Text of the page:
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I Am Number Four - Three Disc Blu-Ray/DVD Combo + Digital Copy

Blu-ray Review

I Am Number Four

Directed by: D.J Caruso Cast: Alex Pettyfer, Dianna Agron, Timothy Olyphant, Teresa Palmer Running Time: 1 hr 45 mins Rating: PG-13 Due Out: May 24, 2011

PLOT: I Am Number Four follows an extraordinary alien teenager trying to blend into a small town, while eluding a vicious breed of aliens that are trying to exterminate his race.

WHO'S IT FOR? People who are easily distracted or like shiny things may go for this one. The other obvious crowd is the tweens who might go for Pettyfer's looks or Glee star Agron. Ultimately, fans of the tired high school movie with a hint of extra-terrestrial angst are the main targets of this box office bomb.


I Am Number Four is, in and of itself, a mess of contradictions. While the movie tries to show Number Four a.k.a. John Smith as an extraordinary being, the only way it manages to do that is with the film's impressive special effects. Otherwise, John is your typical new kid, trying to fit in at a school, falling for the girl, and making friends and enemies along the way.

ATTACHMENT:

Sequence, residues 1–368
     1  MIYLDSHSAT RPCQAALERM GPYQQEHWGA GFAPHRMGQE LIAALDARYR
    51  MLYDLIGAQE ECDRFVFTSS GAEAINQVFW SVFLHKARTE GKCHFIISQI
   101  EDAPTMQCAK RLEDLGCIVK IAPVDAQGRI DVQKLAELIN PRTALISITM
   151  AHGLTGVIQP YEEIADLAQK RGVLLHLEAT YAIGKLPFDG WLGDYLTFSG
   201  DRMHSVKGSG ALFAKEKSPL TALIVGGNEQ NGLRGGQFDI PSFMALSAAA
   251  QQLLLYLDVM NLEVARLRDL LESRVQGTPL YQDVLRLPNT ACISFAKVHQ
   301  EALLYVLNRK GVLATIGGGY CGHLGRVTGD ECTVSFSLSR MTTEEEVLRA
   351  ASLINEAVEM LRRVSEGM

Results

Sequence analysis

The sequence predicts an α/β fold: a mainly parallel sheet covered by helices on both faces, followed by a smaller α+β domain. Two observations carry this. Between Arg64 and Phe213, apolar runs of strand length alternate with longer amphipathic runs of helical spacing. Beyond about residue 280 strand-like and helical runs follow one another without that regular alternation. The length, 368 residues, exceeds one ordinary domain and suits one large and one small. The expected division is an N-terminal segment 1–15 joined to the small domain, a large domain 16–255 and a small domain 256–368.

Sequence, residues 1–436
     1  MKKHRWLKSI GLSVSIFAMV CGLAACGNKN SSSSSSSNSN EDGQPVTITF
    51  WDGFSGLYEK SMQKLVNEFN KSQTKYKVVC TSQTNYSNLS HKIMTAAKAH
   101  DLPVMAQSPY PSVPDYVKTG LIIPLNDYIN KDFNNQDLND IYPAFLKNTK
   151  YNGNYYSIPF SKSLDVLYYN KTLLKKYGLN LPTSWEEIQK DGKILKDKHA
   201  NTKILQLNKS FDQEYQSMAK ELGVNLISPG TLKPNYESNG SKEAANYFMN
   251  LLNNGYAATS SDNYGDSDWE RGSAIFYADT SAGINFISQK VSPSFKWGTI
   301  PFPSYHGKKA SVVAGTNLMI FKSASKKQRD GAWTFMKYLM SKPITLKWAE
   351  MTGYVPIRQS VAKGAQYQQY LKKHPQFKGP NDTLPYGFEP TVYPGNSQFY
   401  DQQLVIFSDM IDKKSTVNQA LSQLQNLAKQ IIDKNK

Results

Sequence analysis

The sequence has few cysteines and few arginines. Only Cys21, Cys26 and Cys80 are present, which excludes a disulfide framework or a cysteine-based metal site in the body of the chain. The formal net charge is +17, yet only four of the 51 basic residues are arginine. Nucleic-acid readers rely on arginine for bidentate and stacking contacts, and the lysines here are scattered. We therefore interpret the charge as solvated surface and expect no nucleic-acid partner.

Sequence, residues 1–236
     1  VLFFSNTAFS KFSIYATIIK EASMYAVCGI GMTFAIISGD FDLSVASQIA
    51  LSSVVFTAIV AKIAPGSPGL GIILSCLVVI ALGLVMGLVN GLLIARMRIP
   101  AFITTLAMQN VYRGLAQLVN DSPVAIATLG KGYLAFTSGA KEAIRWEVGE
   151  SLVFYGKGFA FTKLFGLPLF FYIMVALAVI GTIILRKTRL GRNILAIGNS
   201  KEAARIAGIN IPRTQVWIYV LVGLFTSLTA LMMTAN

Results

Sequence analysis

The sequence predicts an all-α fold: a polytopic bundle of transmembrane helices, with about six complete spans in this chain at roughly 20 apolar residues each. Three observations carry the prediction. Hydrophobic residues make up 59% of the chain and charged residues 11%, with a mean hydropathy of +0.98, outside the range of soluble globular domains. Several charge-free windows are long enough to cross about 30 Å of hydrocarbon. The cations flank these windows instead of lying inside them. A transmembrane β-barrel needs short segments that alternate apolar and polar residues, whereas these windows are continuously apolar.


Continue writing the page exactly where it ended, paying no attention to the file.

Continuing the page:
This would be all well and good if any of the other characters were offered any more complexity in hopes of fleshing out the dynamics or the relationships of all of these people, but nobody seems to get more dimensional than a cardboard cutout. You've got your pretty girl who has more depth than most people would believe, then you've got your bully, a mentor for young John and finally, a sidekick. What is perhaps most distracting or even bewildering about the movie is that the most compassionate and engaging character of the lot, for me at least, was John's "sidekick", Sam. Sam may not get the most screen time, but when it comes to story and actual heart, Sam is given a lot to carry. Actor Callan McAuliffe proves himself more than capable in a role that most would casually shrug off.

Unfortunately, what little material McAuliffe is given to work with cannot atone for the other transgressions of this movie, which suffers from odd pacing and a stunning lack of sincerity. By the time the film's climactic battle came around, I was certain that whether John Smith and his band of cohorts lived or died, I didn't care as long as it was over. Throw in a couple of deus ex machinas and you've got a painfully contrived and one-note movie that offers little to its audience other than a couple of special effects "ooh" and "aah" moments that are hardly worth the near two-hour running time.



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